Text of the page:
Aim This study explored the degree of burden of chronic exposure to difficult ethical decisions on health care providers (HCP) in Swiss level III NICUs.
Methods 224 questionnaires were sent to neonatologists and nurses of all level III NICUs. Demographical information, attitudes and behaviours towards ethical decisions, and the impact of those decisions on HCP’s health and private life were collected.
Results 52 neonatal physicians and 60 nurses (27 men, 85 women, overall response rate 50%) took part in this survey. Altogether, 78% stated that the ethical dilemmas/decision-making represent a burden to them. 87% experience this burden as momentary. In nearly 40%, this burden affects private life; in another 48% it occasionally impact on private life. 25% of physicians and 10% nurses suffer from exhaustion. Most of the respondents find relief from stress through their hobbies (70%) and discussions with family members and friends (74%). The most used coping strategies are debriefings after ethical discussions, team discussions and support from hospital pastoral care. Professional moderation of debriefings was only rarely available (10%).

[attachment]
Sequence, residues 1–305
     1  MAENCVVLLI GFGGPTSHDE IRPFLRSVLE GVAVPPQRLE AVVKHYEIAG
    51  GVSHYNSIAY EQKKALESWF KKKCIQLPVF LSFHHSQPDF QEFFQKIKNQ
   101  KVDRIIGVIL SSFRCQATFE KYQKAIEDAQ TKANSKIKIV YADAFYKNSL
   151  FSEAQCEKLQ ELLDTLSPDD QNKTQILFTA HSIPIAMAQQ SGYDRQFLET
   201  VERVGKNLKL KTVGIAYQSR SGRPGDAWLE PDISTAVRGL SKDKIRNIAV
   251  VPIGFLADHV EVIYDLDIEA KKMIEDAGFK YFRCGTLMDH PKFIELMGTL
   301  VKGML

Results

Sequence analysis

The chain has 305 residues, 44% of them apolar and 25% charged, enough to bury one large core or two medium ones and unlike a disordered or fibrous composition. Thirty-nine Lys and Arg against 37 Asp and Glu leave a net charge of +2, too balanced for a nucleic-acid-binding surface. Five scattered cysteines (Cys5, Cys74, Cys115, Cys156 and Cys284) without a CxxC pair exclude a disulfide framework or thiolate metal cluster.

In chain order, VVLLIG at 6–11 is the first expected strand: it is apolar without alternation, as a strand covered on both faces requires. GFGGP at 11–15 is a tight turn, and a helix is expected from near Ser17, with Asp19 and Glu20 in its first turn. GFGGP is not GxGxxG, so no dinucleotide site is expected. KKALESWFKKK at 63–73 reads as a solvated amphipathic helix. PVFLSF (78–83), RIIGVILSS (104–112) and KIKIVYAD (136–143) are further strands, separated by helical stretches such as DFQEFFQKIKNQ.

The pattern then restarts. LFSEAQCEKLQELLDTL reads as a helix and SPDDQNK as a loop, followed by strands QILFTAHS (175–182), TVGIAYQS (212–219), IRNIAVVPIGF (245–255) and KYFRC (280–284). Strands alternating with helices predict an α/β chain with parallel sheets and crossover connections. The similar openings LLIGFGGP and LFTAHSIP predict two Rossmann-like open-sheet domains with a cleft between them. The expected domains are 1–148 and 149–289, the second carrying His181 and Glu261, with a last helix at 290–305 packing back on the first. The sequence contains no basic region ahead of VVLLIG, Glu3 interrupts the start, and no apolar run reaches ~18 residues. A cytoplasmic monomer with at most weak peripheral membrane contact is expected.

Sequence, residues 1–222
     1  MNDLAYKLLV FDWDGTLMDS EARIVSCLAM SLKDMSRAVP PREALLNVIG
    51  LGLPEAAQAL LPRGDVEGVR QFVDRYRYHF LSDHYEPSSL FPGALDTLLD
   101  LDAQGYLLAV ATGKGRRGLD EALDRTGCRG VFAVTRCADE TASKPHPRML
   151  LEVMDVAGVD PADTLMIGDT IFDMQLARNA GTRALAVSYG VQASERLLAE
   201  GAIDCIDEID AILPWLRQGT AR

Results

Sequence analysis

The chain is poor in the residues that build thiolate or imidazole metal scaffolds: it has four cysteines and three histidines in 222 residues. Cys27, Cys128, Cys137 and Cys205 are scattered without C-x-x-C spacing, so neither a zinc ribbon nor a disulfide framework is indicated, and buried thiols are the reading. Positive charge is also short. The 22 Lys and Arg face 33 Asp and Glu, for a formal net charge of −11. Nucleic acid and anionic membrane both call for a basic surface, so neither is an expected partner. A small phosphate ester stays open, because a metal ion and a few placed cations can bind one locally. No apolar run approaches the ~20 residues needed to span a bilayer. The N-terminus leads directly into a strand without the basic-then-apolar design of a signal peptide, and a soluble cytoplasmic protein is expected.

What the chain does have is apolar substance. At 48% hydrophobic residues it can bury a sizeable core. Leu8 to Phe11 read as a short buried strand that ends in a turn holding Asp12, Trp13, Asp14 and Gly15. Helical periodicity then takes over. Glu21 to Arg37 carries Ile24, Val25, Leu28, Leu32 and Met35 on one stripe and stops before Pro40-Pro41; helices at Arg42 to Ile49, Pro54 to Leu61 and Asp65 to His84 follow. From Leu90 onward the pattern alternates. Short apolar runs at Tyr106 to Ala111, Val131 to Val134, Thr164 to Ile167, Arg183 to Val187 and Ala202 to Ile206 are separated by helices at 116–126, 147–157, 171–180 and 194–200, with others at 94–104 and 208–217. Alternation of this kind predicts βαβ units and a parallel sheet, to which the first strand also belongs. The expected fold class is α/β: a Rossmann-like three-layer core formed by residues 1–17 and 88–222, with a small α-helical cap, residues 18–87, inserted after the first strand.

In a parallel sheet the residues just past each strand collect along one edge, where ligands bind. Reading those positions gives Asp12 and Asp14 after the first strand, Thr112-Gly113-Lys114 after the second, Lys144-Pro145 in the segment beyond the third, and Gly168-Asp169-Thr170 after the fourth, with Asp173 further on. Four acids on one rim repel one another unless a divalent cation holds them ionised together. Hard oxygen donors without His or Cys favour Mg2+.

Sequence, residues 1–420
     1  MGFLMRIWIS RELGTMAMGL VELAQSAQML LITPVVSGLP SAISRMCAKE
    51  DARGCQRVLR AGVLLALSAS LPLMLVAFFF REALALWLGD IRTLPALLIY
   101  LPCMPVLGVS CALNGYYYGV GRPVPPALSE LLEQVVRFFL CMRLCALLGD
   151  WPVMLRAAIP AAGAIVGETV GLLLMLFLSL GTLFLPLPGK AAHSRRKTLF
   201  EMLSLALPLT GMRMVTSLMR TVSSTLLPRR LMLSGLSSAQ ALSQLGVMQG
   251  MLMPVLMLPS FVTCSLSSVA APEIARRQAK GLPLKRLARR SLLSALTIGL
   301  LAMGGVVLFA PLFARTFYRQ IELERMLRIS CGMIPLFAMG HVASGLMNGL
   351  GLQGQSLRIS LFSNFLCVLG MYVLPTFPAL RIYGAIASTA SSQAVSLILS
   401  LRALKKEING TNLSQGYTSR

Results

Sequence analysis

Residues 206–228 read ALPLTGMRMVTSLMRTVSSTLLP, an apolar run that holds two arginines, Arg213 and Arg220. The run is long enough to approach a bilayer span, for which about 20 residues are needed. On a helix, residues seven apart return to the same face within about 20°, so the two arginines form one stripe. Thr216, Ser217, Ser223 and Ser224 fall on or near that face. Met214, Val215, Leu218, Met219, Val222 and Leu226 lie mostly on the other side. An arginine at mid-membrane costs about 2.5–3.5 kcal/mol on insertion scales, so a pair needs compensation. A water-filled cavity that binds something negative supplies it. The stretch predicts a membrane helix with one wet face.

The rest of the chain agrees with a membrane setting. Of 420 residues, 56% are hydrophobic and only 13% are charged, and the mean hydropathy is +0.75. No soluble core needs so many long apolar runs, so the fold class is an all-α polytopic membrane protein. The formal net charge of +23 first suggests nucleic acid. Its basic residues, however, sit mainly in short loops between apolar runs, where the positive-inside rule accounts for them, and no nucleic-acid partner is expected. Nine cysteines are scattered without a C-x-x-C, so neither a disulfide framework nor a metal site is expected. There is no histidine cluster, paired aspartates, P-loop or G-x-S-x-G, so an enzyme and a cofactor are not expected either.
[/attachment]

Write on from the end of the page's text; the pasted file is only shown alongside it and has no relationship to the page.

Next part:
Conclusion Chronic exposure to stressful situations represents a burden for the majority of HCP working in NICU environment. Exhaustion is far more frequent than physical and psychosomatic symptoms. Hobbies and social contacts are important coping strategies. Given the potential of chronic burden to not only affect health of caregiver but also to shape the attitudes of caregivers in daily neonatal intensive care medicine, the importance of team debriefings and support under professional guidance cannot be stressed enough.
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